A woman who was sentenced to prison for murder then freed after a judge determined prosecutors under a previous administration suppressed evidence in her trial is now facing prison time for robbery. Courtney Hayden appeared in the 28th District Court before Judge Nanette Hasette, the same judge who dismissed the murder case earlier this year. She pleaded guilty and was sentenced to 12 years in prison for the aggravated robbery.
A South Texas judge under indictment in a road rage case has a "volatile temper" that has bubbled over into threats of violence for years both in and out of the courtroom, prosecutors say. Guy Williams, who is facing two felony assault counts, has also been accused by three women -- one of whom is a sitting judge -- of groping their breasts and buttocks at a party in August. At least one of those women filed a human resources complaint with Nueces County about the incident.
A man facing the death penalty in the killing of Breanna Wood pleaded not guilty Thursday to five counts, including capital murder. Joseph Tejeda appeared in the 105th District Court Thursday afternoon to enter his plea. He was escorted into the courtroom shackled at the waist with a full head of dark brown hair that obscured a tattoo on his hairline. Tejeda is facing various counts.
Muck Rack makes it simple to find people, tweets, or articles that mention any name, keyword, company, hashtag etc. We've compiled this guide to help you make the most of your search.
Selecting a term
Start searching tweets, articles from media outlets, articles mentioned in tweets, journalists'
names, titles and bios with some suggested searches:
Companies or Topics (e.g. iPhone, Microsoft)
Phrases (e.g. "cloud computing") — use quotes to keep the terms together
Twitter handles (e.g. @username) — returns those who have mentioned or replied to
Names (e.g. "David Pogue")
Hashtags (e.g. #sxsw, #london2012)
Bio details (e.g. vegan, Olympics, father)
Muck Rack's Advanced Search allows for many boolean operators.
Find results that mention multiple specified terms, use AND or
+. For example, ensure each result contains both Elon Musk and Mark Zuckerberg by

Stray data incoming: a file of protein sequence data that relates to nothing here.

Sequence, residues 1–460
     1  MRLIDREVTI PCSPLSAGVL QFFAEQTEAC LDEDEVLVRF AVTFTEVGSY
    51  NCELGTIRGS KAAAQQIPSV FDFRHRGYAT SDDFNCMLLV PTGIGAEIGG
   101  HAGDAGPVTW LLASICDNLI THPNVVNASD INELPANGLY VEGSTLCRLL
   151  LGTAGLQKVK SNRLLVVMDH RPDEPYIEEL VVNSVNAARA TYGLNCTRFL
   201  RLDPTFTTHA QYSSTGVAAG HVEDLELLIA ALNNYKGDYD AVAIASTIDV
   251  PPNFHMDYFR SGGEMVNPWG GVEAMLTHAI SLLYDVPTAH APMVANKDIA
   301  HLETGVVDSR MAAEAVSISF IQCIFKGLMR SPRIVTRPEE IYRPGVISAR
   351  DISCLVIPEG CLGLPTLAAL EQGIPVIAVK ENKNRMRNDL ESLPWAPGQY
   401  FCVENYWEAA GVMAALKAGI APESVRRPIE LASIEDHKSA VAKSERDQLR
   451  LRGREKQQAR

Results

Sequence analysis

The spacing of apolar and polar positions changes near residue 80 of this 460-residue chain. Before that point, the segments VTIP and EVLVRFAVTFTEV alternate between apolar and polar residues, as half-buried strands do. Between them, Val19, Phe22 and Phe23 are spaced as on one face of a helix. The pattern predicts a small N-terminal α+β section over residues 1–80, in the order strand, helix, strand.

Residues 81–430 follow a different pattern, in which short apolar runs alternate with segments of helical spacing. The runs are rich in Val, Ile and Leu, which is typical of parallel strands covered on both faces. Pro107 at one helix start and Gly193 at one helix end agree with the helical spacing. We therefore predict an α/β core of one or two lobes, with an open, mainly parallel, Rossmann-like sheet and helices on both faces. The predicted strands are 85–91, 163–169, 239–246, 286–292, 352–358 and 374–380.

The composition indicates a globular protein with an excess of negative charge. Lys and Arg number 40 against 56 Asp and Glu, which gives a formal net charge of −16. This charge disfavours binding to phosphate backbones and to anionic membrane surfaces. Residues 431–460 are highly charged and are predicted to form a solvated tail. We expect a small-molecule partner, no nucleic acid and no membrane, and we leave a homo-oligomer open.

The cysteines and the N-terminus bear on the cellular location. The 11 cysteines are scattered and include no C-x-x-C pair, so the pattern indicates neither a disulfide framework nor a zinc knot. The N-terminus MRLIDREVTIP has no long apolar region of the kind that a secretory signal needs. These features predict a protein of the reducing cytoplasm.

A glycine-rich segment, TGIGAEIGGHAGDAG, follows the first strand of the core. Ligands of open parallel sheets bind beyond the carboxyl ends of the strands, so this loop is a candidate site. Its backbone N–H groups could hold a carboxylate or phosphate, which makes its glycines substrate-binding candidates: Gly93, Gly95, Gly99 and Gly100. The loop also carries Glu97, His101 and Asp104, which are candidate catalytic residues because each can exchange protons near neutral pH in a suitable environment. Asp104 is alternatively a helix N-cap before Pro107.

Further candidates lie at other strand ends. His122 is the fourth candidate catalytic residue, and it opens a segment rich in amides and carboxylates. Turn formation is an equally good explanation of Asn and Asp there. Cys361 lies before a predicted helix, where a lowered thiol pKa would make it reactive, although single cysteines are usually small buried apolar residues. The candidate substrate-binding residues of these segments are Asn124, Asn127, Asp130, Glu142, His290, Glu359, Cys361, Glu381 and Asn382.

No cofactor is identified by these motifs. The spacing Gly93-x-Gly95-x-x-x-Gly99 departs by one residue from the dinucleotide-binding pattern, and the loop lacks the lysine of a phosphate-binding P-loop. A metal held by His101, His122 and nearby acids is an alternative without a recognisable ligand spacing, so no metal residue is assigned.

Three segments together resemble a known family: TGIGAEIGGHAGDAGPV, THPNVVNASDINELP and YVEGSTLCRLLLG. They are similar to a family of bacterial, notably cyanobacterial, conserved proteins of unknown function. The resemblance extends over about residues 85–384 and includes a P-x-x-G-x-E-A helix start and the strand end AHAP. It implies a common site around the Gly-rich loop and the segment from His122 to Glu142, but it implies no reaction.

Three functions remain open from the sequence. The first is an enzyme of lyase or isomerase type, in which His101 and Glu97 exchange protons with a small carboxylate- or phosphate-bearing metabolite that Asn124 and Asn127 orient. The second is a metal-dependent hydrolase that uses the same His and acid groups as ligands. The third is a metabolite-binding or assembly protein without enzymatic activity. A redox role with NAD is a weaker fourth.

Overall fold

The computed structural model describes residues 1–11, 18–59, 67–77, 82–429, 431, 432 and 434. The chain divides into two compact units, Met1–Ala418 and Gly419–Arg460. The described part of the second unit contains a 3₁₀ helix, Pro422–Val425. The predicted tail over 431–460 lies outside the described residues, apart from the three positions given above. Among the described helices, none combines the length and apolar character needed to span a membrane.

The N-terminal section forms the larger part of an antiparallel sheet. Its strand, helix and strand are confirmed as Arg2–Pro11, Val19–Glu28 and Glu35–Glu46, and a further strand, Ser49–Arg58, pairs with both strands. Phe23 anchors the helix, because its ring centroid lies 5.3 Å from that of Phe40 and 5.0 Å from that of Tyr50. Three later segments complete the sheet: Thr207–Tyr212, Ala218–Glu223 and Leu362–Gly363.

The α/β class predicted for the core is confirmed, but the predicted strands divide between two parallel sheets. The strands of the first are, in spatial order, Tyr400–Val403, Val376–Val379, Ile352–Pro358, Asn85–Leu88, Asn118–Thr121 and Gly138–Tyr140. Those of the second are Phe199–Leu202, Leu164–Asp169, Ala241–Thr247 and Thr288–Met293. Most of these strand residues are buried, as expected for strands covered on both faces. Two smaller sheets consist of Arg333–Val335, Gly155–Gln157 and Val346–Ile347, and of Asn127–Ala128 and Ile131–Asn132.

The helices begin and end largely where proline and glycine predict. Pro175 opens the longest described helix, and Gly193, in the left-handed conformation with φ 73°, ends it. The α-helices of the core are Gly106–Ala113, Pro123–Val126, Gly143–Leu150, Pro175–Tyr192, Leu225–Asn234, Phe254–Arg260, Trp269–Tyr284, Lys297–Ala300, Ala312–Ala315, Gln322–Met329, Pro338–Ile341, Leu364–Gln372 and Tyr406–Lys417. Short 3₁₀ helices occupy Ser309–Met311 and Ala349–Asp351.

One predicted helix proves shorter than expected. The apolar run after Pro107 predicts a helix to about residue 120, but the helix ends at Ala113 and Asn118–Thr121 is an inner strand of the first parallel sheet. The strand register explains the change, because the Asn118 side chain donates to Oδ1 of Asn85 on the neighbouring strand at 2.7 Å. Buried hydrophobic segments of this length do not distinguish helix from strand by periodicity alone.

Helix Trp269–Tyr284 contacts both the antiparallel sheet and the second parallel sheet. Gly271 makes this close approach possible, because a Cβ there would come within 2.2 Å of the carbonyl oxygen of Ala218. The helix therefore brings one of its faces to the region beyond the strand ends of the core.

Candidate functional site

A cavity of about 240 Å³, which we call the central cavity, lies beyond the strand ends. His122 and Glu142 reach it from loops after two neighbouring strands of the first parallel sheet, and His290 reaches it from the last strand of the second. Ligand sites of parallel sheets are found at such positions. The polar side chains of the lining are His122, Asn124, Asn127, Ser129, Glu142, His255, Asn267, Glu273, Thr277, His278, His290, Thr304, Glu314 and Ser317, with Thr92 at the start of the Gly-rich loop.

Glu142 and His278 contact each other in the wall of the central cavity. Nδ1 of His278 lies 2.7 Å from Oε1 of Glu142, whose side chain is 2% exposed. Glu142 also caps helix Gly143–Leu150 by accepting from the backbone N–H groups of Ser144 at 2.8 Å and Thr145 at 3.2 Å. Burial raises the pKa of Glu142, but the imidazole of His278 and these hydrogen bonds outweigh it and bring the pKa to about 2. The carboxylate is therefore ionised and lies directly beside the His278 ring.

searching Musk AND Zuckerberg or Musk + Zuckerberg.
Use the operators OR or , to broaden your search when you'd like either of
multiple terms to appear in results. (This is the default behavior of our search when no operators
are used). For example, results will contain either cake or cookie by searching cake OR cookie or cake,cookie
Use NOT or - to subtract results from your search. For
example, searching Disney will yield results about the Walt Disney Company as well as Walt Disney
World Resort. To exclude mentions of Disney World, search for Disney -World or Disney
When using one of these operators with a phrase, enclose it in quotation marks. For example, you can
find results about smartphones excluding Apple's iPhone 4S by searching smartphone -"iPhone
Exact case matching or punctuation
If you're searching for a brand name or keyword that relies on specific punctuation marks or capitalization, you can
find results that match your exact query by adding matchcase: before the keyword you're searching for, like matchcase:E*TRADE .
Use parentheses to separate multiple
boolean phrases. For example, to find journalists talking about having fun in Disney World or
Disneyland, search for ("disney world" OR disneyland) AND fun.
An asterisk can be used to search for any variation of a root word truncated by the asterisk. For example, searching for admin* will return results for administrator, administration, administer, administered, etc.
A near operator is an AND operator where you can control the distance between the words. You can vary the distance the near operation uses by adding a forward slash and number (between 0-99) such as strawberries NEAR/10 "whipped cream", which means the strawberries must exist within 10 words of "whipped cream".